These are undoubtedly tough times for businesses, even more so for startups that operate with very low margins
The COVID-19 pandemic will have long-lasting and far-reaching consequences on the global economy. Even though lockdown restrictions have now been lifted in many countries, financial markets are expected to take a long time to recuperate from the crisis.
As per the International Monetary Fund, the coronavirus pandemic is the worst economic setback since the Great Depression. It predicts a magnanimous loss worth US$9 trillion in GDP over the upcoming two years.
These are undoubtedly tough times for businesses, even more so for startups that operate with very low margins. Along with facing low demand, revenue losses, swiftly changing consumption patterns, the start-up industry is dealing with the problem of raising funding. As investors become wary of the pandemic’s economic impacts, there has been a sharp decrease in funding activities.
This leads to the main question – how to finance your start-up during COVID-19? Continue reading to find out the answer.
Research the Right Type of Funding
Jennifer Neundorfer, general partner at venture capital investors January Ventures, says that after a hiatus at the start of COVID-19, venture capital (VC) investing is starting to pick up pace again.
To leverage this opportunity, identify which investors have a high probability of investing in the sector your start-up belongs to. Research the latest investments they’ve made to collect important details such as the average investment they’ve made, funding round (whether they generally invest in seed-stage or large-stage start-ups), etc. Doing this will allow you to get an edge over other start-ups who might be competing for the same capital.
Many governments are also offering Coronavirus relief funds for businesses and startups. Research if your local, state, or national government has funds available. How much is available? For which different sizes of businesses, and in what industries or markets? In the UK for example, the government introduced the Coronavirus Business Interruption Loan Scheme (CBILS) which offers finance of up to £5 million for businesses to continue operating during COVID.
Keep in mind that you might need to make your pitch virtually, so find out ways in which you can make it stand out.
Reevaluate Your Business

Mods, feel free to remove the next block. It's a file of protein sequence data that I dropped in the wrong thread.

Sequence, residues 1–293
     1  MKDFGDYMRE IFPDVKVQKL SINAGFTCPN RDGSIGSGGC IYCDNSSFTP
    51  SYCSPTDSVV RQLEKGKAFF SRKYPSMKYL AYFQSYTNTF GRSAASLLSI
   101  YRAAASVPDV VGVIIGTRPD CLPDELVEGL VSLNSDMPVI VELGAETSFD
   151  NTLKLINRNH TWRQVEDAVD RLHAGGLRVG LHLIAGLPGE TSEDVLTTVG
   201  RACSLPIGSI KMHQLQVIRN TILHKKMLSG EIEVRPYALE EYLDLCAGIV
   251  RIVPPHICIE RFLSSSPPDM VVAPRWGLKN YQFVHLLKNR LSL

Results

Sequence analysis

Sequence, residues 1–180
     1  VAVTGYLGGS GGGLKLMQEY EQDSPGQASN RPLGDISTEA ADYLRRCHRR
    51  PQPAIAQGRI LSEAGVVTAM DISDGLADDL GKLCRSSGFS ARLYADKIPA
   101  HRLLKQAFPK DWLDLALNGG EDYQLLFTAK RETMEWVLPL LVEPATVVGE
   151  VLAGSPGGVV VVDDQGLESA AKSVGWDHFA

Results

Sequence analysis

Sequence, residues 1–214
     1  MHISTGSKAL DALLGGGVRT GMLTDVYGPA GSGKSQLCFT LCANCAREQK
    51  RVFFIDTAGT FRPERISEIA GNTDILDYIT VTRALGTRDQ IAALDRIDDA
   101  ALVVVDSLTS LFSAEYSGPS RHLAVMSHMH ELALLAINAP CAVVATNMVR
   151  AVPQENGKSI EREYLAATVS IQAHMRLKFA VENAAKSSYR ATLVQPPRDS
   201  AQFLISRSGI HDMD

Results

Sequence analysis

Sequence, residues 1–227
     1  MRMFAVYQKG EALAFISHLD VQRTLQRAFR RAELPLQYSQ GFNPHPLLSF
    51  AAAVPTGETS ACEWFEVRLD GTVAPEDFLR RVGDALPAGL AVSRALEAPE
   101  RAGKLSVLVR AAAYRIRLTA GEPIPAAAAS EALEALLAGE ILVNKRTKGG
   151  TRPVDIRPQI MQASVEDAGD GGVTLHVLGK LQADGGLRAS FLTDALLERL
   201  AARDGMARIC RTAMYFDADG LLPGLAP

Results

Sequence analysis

After you’ve completed your research, reevaluate the feasibility of your business model in the existing environment. Ask questions like – Is it scalable? Is it going to generate profits? Does it promise equitable and sustainable growth in the long run? If the answer is no, you need to make some modifications to make sure there’s a solid demand for the products or services you’re going to offer.
The pandemic has led to a huge change in consumer mindset, which is influencing their spending habits and purchasing behaviour. For instance, consumers are likely to opt for products or services that give them the best value for money. Consumers are also buying more goods online. Plan your next steps after taking these changes into consideration.
Restructure Your Message
The last stage involves restructuring your message for the investors. Investors invest in businesses that have a strong Unique Selling Point (USP) that makes customers want to buy goods and services no matter the current situation, so make sure that your USP is reflected in your pitch.
When it comes to valuations, set achievable and realistic valuations to gain the trust of investors and lessen the dilution risk. Also, be open to negotiations.
Financing start-ups seems to be a time-consuming and arduous process, but the situation is gradually getting better. Investors have recovered from the initial shock and are willing to invest in businesses again. So, gear up and get ready to secure some solid investments! With the vaccine now being rolled out in many countries, 2021 is the year to get your business operating stronger and more successfully again.